Blog # 3 - Walking on water and other miracles

Hey blogger land!!

I've been waiting a long time for just the right inspiration to bring to you- and today, on the basement steps of my new client's house, I witnessed a miracle!

It was just a normal Friday session where we had planned to go over all of my clients's new exercises. (Let's call her Dawn* to respect her privacy). Dawn came to me after attending a few of my aquafit classes and told me "I love your classes! You really seem to know what your doing. What's your background?"

 After a brief chat about my education, training, and rehab-prehab specialization, she exclaimed: "I want to hire you!"

You see, Dawn, like most people who come to aquafit at 9 am on a weekday in Halifax, is a retired A-type personality, who loves to move, wants to stay fit and functional, but is limited by arthritis and pain. When she told me about the knee replacement surgery she needs to prevent bone-on-bone degeneration, and further disability, she expressed equal amounts of frustration and determination. On one hand, her surgeon said she needed to lose 50 lbs before he would operate on her (which, in my opinion, is a tad ridiculous, since BMI is what he's using to make that suggestion and this woman would be unhealthy if she got to that weight), but on the other hand she is determined to heed his recommendations, get healthy, strong, and lose weight. 

So she hired me to put together a water based pre-habilitation program (strength and endurance + range of motion) and a land-based total body exercise program. After just two weeks of practicing the water program and 1 week of practicing lower body and core exercises on land, today we went over the new upper body routine, followed by an optimization check of the exercises she already practiced. The optimization check is where I review client movement patterns and get verbal feedback about the difficulty of each prescribed exercise as we practice them together. As I watched Dawn struggle with a Pilates type exercise, I asked her to describe what made it so difficult. I quickly realized that there may be a physical/ mechanical limitation preventing ease of movement, and I asked Dawn if i could try something. I palpated her IT band and gluteus, only to find ligamentous tension so great that it felt like the high 'E' string on an acoustic guitar! My hands magically went to work, and with Dawn's courage and trust in me, we began slowly peeling back layers and layers of tension, frustration, and pain.  When we were done both legs, I had her try the challenging exercise again, which she did with incredible ease and fluidity. She smiled at the difference. "Wow!" She said, "thats pretty impressive."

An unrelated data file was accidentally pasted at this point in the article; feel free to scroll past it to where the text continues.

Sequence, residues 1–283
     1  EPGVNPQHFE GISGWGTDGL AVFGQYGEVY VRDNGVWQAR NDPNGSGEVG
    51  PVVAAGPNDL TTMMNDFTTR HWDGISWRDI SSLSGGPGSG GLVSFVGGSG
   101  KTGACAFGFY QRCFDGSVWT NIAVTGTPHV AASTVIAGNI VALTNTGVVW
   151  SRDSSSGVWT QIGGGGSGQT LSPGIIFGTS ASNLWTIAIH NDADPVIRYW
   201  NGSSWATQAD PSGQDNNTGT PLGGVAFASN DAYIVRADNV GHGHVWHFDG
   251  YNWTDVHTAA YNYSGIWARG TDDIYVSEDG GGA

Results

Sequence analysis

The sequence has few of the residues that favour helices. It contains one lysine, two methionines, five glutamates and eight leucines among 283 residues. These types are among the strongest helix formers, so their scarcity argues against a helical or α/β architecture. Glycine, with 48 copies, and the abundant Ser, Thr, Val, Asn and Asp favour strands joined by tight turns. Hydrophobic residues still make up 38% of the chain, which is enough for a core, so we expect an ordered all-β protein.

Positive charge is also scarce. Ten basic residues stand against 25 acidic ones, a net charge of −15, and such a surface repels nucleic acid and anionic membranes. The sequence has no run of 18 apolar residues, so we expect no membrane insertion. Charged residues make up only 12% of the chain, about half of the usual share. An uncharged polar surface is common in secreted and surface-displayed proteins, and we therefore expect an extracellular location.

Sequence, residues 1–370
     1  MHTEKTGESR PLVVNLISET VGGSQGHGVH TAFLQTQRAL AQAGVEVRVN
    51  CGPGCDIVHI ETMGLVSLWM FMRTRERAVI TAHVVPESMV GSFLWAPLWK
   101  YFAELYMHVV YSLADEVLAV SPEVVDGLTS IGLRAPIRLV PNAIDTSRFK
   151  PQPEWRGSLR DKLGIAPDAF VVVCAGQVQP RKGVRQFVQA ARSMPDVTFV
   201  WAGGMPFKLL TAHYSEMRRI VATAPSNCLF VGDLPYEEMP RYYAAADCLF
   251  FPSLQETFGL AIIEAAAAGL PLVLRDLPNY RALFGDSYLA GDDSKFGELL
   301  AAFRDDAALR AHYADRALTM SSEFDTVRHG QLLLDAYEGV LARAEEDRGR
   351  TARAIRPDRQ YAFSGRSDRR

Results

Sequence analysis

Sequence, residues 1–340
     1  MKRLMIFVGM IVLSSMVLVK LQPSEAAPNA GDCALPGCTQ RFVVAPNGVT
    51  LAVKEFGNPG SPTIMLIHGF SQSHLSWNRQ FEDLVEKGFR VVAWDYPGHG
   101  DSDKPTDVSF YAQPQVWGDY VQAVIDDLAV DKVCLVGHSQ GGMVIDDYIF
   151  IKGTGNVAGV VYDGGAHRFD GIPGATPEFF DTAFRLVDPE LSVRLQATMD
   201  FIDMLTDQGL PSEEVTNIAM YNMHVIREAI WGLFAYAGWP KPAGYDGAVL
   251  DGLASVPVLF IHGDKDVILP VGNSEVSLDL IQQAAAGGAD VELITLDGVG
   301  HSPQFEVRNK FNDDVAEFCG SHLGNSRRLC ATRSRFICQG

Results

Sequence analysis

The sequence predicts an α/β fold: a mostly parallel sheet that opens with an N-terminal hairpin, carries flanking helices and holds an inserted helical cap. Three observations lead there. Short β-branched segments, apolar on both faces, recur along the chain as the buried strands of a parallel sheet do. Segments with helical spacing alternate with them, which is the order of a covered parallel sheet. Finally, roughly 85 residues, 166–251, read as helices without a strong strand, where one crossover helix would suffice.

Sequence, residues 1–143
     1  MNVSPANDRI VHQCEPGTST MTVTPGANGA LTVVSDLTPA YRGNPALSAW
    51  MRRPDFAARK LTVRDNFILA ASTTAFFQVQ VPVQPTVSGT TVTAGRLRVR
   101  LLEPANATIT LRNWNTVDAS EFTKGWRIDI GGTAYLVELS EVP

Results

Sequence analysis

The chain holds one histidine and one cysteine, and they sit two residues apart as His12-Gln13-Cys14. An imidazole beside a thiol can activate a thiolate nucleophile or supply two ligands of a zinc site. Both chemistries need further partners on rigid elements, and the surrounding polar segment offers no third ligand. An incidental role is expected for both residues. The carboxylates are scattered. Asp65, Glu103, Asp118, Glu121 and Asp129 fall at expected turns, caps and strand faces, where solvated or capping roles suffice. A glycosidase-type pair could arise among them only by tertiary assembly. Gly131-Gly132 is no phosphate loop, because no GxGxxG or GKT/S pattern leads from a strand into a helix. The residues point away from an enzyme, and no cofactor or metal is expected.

"It feels great doesn't it!" I said, empathizing with her newfound ease of movement that I too have enjoyed. 

But I wasn't prepared for what happened next.  As we made our way up off of the floor, which was typically a slow and monumental task due to her limited knee range of motion and chronic pain, Dawn grew quiet. I slowly gathered my things to leave, and she stopped me and said "Wait a second. I feel different. I want to try something. I want to try the stairs." So instead of going up the stairs to leave, I stepped aside, and watched Dawn cautiously make her way to the bottom of the stair case. 

With equal parts fear and a newfound energy about her, she grabbed the railing and stepped up with her good leg. Then, she paused slightly, and said "I think I can bend my bad leg, let me try." So I walked over to lend her my hand, and just as I was about to make contact with her, she lifted her bad leg up to the next step! No stopping in between! She just floated up, step after step, gaining momentum and releasing giggles with each stair. Then she got to the top, and said "I wonder if I can go down normally too?" Again, I put my hand in front of hers in case she needed it, and she slowly started her descent. Good leg, down. Pause. Balance. Bad leg bends slowly, normal weight shift, and the leg goes down! After that, there was no stopping her! She began barreling down and up, and down and up, and up and down the stairs at speeds I had never seen her go. At times she barely held the railing! "I can't believe it!" She said with tears welling up in her eyes. She did it again and again. Up. Down. Up. Down. "I can't believe it Candice! This is amazing!" Goosebumps came over my whole body! Then a wave of hot and cold!